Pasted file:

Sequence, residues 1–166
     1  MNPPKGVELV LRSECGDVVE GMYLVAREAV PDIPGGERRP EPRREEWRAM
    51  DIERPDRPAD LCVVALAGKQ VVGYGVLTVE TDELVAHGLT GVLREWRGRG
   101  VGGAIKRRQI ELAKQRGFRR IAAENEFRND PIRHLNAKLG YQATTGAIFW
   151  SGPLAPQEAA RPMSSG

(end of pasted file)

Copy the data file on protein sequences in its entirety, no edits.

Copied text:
Sequence, residues 1–166
     1  MNPPKGVELV LRSECGDVVE GMYLVAREAV PDIPGGERRP EPRREEWRAM
    51  DIERPDRPAD LCVVALAGKQ VVGYGVLTVE TDELVAHGLT GVLREWRGRG
   101  VGGAIKRRQI ELAKQRGFRR IAAENEFRND PIRHLNAKLG YQATTGAIFW
   151  SGPLAPQEAA RPMSSG